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Trump's refugee ban and the war on ISIS
01:12 - Source: CNN

Editor’s Note: Aaron David Miller is a vice president and distinguished scholar at the Woodrow Wilson International Center for Scholars and author of “The End of Greatness: Why America Can’t Have (and Doesn’t Want) Another Great President.” Miller was a Middle East negotiator in Democratic and Republican administrations. Follow him @aarondmiller2. The opinions expressed in this commentary are his.

Story highlights

Aaron David Miller: Donald Trump's strategy for fighting ISIS should start by avoiding making matters worse

The administration should also be wary of aligning itself too closely with Russia on the issue, Miller says

CNN  — 

Syria may yet prove to be a painful headache for an incoming President Trump. But even if it does, it is unlikely to be as costly to his reputation and credibility as it will be to Obama’s.

Back here on Earth, the reality is that the laws of gravity in the fight against terror will make eradicating ISIS and its ilk an elusive goal. Meanwhile, some of the steps the new administration has already taken, specifically on immigration restrictions, may make an already impossible job harder still.

Aaron Miller

So, rather than raising unrealistic expectations, Trump should start by avoiding making matters worse, look for smart ways to continue the fight against ISIS, and above all, level with the American public that the fight is bound to be a long one.

More of the same?

In a national security memorandum dated January 28, Trump asked his administration to “develop a comprehensive plan to defeat ISIS,” and specifically asked the Pentagon for tougher options against ISIS within 30 days. These reportedly potentially include using artillery and attack helicopters – and even US forces – to support an assault on Raqqa, ISIS’ capital city. Other steps reportedly being contemplated include increasing use of US special forces in Syria and Iraq, directly arming Kurdish forces (a move that is likely to anger the Turks), and potentially including Turkish forces in the Raqqa operation. At the same time, Trump will need to make a decision whether to continue the CIA operation to train and arm vetted elements of the Syrian opposition, a program he criticized on the campaign trail and as President-elect.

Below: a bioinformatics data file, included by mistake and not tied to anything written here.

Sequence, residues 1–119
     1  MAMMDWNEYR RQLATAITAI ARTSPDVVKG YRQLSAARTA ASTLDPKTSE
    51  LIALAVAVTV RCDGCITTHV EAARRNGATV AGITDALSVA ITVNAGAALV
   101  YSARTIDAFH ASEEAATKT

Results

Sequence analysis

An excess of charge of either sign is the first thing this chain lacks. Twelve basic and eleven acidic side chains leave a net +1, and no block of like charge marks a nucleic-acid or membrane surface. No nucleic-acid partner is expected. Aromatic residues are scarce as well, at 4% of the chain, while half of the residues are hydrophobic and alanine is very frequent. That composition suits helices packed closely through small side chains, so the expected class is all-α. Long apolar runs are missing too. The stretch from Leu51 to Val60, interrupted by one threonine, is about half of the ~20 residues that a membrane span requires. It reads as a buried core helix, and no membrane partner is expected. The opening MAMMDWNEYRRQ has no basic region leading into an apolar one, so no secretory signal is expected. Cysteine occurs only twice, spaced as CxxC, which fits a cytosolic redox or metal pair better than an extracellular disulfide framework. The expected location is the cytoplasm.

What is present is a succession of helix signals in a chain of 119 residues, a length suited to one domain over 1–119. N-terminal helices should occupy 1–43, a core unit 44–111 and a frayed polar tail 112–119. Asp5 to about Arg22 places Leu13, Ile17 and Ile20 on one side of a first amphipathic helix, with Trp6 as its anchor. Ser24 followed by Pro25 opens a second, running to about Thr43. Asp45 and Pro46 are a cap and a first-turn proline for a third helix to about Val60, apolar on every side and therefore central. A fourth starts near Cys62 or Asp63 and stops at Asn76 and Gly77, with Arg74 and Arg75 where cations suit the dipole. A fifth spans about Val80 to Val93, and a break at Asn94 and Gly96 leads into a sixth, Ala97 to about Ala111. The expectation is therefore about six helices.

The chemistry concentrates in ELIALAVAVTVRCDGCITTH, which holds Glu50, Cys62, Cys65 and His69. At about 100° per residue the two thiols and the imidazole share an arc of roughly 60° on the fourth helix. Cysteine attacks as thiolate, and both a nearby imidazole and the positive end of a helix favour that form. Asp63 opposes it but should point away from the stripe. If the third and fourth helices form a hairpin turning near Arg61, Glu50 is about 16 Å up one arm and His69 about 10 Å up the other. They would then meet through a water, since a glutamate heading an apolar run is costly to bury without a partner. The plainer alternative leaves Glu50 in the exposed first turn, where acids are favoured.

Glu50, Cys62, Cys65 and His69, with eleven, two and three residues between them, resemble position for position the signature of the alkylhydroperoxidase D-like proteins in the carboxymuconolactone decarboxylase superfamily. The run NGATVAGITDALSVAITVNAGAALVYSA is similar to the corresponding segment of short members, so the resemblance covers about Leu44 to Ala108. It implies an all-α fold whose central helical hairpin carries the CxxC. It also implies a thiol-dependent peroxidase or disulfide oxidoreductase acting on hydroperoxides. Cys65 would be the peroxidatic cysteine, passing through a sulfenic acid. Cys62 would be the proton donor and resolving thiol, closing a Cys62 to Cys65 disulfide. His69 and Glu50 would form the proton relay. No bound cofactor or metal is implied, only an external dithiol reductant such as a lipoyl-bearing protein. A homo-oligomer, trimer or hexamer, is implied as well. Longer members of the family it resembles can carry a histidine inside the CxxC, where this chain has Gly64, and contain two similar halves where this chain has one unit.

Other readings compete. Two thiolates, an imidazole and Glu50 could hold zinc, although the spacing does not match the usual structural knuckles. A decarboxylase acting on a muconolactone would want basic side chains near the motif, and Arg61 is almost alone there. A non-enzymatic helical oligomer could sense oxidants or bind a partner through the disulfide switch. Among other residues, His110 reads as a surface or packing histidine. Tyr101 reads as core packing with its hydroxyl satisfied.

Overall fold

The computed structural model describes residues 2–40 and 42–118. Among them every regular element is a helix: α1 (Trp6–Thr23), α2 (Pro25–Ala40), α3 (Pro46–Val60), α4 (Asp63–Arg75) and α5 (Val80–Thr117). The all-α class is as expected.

Yet most of these steps seem to fall within the anti-ISIS template laid down by the Obama administration. That template is summarized as “by, with, and through,” and with the exception of involving more US forces in the fight (and nobody seems to be talking about large numbers) none of what’s being contemplated seems like a radical departure from the previous administration. It is therefore unlikely to lead to dramatic results.

President Trump has talked about safe zones for Syrian refugees. But it is unclear what exactly they would be designed to do, who would patrol and protect them, and how they would fit into an anti-ISIS strategy. Indeed, on balance, what Trump seems to be contemplating is doing what Obama did, just more of it. This might accelerate the timetables for major anti-ISIS offensives, but it’s unlikely to lead to the eradication of the jihadis.

Dancing with the bear has downsides

The centerpiece of Trump’s views on how to destroy ISIS clearly focus on some kind of undefined partnership with Russia. Trump seems willing to let Russian President Vladimir Putin take the lead on Syria, both in working with the Turks and the Syrian regime on a ceasefire, and perhaps also in cementing Bashar al-Assad’s regime as a permanent part of the Syrian political equation.

On paper, one would assume that such coordination would make sense. After all, Putin wants ISIS destroyed; so does Trump. So, why not pool US-Russian resources and bring to bear maximum pressure against the jihadis?

But like so many putative simple fixes, there are serious costs in cooperating with the Russians.